Bottled water -- a $22-billion industry -- is the fastest growing beverage industry in the world. Close to half of the U.S. population drinks bottled water on a regular basis, despite the fact that it can be up to 1,000 times more expensive than the tap.
With bottled water sales rising rapidly -- U.S. sales rose 11.5 percent in 2001 to reach close to $6.5 billion -- environmental and consumer groups are asking: is bottled water really a better option than tap water?
Is Bottled Water Pure?
About one-quarter of U.S. bottled water comes from a municipal water source. The industry maintains that no illness outbreaks have ever been linked to U.S. bottled water.
However, the Natural Resources Defense Council (NRDC) conducted a study of 103 brands of bottled water (over 1,000 bottles were tested in all) and found that one-third contained synthetic organic chemicals and bacteria.
One sample even contained arsenic levels above state health limits.
The NRDC maintains that city tap water is required to undergo more rigorous testing and has higher purity standards than bottled water.
Is There an Environmental Toll?
The plastic bottles in which bottled water is typically sold are made of plastic polyethylene terephthalate, or PET. The manufacture of these bottles can release phathalates, which have been found to cause birth defects in animals, into the environment.
The International Bottled Water Association says that the bottles are recyclable and are reused up to 100 times before being made into other products.
Worldwide consumption of bottled water increased by nearly 60 percent to 41 billion gallons in 2004. We are on track toward more than 50 billion gallons this year.
Imagine that, 50 billion gallons of bottled water.
Like most things in life there are positive and negative aspects to this trend. The major benefit of course is that water is the fluid we were all designed to drink, and drinking it as a primary beverage is the first step anyone seeking to improve their physical health habits should take.
Drinking enough pure water is vital to your health. It's best to sip the water throughout the day, rather than consume large quantities at once. If you drink a quart of water at a time most of the water will pass through your body before you're able to use it, so sip it slowly throughout the day rather than gulping it down a few times a day.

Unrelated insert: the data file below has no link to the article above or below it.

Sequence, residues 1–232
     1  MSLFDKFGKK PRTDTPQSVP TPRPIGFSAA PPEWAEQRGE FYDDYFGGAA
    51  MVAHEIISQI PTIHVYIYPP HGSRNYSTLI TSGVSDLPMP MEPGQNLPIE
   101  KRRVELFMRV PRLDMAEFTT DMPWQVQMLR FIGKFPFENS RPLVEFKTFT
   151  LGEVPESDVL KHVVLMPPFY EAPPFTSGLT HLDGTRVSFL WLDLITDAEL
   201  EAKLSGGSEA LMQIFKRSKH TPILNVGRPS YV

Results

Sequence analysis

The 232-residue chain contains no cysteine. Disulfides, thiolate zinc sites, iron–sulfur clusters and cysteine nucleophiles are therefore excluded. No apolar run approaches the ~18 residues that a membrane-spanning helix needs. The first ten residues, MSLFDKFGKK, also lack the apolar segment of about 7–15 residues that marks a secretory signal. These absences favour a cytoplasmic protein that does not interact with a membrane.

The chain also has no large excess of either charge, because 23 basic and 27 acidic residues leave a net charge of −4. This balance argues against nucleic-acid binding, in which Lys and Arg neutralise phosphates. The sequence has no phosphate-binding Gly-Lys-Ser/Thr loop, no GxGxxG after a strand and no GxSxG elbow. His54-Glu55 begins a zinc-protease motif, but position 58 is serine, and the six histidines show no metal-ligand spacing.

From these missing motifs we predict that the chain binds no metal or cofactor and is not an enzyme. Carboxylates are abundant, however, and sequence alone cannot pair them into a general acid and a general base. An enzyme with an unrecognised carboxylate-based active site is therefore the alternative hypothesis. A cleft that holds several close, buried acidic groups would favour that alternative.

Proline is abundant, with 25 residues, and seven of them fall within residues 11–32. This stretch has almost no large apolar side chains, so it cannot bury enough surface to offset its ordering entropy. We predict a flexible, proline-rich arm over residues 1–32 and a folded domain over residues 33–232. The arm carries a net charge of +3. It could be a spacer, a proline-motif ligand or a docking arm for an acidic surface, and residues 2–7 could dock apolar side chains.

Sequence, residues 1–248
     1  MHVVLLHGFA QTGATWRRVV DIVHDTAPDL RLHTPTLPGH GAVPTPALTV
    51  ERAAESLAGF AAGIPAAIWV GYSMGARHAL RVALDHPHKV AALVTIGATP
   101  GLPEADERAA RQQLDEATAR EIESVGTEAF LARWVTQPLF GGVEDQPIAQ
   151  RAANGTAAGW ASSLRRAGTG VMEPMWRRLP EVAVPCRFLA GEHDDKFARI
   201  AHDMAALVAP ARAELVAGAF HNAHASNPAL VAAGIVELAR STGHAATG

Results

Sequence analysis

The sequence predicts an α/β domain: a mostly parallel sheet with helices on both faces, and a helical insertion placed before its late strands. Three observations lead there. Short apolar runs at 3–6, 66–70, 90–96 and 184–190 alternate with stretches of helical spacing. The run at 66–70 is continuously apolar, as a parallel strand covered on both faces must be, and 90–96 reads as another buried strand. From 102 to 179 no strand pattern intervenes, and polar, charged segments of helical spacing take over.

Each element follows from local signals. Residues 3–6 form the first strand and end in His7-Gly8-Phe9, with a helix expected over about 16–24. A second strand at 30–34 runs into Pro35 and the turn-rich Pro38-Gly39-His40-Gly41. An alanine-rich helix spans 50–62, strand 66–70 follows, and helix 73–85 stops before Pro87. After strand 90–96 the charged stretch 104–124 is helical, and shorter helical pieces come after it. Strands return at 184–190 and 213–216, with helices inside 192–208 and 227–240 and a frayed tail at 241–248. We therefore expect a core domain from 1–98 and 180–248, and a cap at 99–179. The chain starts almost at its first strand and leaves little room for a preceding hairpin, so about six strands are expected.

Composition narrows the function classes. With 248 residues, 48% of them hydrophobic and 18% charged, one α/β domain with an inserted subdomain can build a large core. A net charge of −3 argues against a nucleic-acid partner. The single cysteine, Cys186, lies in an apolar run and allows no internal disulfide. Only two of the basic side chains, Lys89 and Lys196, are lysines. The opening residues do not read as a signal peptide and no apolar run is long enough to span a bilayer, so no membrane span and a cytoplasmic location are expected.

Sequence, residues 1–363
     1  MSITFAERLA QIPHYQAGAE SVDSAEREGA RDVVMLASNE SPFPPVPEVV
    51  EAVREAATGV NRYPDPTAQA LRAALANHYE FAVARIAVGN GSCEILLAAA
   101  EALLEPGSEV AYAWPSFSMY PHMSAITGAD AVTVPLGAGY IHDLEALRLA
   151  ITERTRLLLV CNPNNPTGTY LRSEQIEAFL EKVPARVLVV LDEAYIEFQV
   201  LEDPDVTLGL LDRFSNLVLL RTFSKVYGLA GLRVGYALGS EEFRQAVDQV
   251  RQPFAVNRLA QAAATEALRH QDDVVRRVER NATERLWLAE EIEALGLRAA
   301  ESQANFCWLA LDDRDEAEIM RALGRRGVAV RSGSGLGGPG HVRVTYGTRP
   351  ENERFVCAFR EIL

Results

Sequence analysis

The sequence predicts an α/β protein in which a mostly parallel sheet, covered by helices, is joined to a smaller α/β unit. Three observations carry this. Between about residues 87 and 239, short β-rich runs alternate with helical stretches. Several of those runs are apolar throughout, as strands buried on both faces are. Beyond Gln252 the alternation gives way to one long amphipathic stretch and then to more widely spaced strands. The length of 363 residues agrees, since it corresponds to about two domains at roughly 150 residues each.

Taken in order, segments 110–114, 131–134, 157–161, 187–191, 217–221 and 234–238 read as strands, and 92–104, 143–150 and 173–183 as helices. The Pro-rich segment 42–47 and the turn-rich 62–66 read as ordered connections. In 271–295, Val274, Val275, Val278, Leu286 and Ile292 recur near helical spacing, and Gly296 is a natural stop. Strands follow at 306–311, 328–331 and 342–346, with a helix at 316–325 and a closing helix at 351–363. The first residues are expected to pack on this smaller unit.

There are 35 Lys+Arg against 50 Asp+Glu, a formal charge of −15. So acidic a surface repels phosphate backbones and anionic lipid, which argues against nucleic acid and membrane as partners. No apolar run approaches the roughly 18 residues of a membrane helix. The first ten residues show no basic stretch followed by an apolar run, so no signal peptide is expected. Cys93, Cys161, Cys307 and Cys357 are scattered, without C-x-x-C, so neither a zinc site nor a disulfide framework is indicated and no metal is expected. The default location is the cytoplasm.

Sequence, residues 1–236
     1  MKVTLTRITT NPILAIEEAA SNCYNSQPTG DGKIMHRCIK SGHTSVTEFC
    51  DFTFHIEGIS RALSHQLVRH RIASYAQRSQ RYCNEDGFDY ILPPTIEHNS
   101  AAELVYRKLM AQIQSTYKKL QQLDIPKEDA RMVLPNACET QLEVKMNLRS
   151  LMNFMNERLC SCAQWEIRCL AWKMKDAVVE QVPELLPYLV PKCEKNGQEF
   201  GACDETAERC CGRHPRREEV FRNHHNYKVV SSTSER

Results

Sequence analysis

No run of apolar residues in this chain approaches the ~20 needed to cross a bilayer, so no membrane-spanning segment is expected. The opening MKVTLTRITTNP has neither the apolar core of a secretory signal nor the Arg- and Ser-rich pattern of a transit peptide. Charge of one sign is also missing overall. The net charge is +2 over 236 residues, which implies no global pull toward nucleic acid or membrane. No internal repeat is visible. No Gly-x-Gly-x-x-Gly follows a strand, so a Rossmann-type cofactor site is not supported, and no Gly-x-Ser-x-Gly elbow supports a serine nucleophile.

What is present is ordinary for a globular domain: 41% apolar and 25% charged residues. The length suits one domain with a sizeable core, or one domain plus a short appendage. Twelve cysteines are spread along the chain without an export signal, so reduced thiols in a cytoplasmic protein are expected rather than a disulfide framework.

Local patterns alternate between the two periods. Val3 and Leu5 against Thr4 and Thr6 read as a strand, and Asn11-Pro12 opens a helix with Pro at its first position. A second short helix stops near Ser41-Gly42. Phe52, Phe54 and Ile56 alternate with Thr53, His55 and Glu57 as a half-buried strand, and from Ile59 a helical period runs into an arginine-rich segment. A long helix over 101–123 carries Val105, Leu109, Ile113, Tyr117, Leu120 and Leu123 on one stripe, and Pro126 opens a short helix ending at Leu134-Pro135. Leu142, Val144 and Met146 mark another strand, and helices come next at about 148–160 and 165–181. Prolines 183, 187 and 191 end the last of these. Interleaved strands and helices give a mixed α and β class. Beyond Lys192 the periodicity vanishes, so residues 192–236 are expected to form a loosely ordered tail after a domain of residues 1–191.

If you are addicted to soda and have not made the transition to using water as your primary fluid, then you might consider the powerful and free energy psychology tool called Turbo Tapping. It has worked very effectively for many of my patients.
Using bottled water can help you avoid chlorine as nearly all bottled waters are not chlorinated. However, many are merely filtered tap water. While typical filtering removes chlorine, it does not remove fluoride.
If you don't understand why fluoride in your water is a bone poison that you want to avoid, then please read our review of The Fluoride Deception. This is a book I would have written if Christopher Bryson hadn't beat me to it. You can also review our fluoride article links, What Your Dentist Isn't Telling You About Fluoride, for more information on the dangers of fluoride.
What is Wrong With Bottled Water?
The downside of the tsunami of bottled water that has flooded the market is the enormous strain on the environment this is producing. You don't need an advanced degree in astrophysics to understand that you were designed to drink water around where you live.
With the price of gasoline rising faster than nearly everyone's paycheck, it has become painfully obvious how much it costs to transport water over long distances. Not only are there wasteful costs in transporting this water but enormous amounts of energy are used to created the bottles that store this 50 billion gallons of water.
Once you get past the energy issue you will still have to contend with the type of plastic that the bottle is stored in, as there are many potentially dangerous types of plastic.
Conventional Nalgene bottles should be avoided. I recommend using the wide-mouth Nalgene bottles that are made from safer plastic. I found them at www.campmor.com. The wide mouth allows them to be easily cleaned so they don't accumulate bacteria. I bring my water to my office with me in a glass container, as that is better. It is just difficult to travel with glass due to the obvious safety reasons.
So ideally it would be best to avoid using all disposable bottled water sources. Water delivered to your home in reusable five-gallon jugs is not as big as an energy hog.
However, using water from your own well or municipal water supply that is filtered would be better. My staff and I are still investigating the enormous varieties of water filter units for your home and hope to share our recommendations with you later this year.
It is important to know that typically the only filter that is effective at removing the fluoride that is added to most municipal water supplies is a reverse osmosis filter. Although I have well water in my home that does not have fluoride added, I still use this type of filter personally.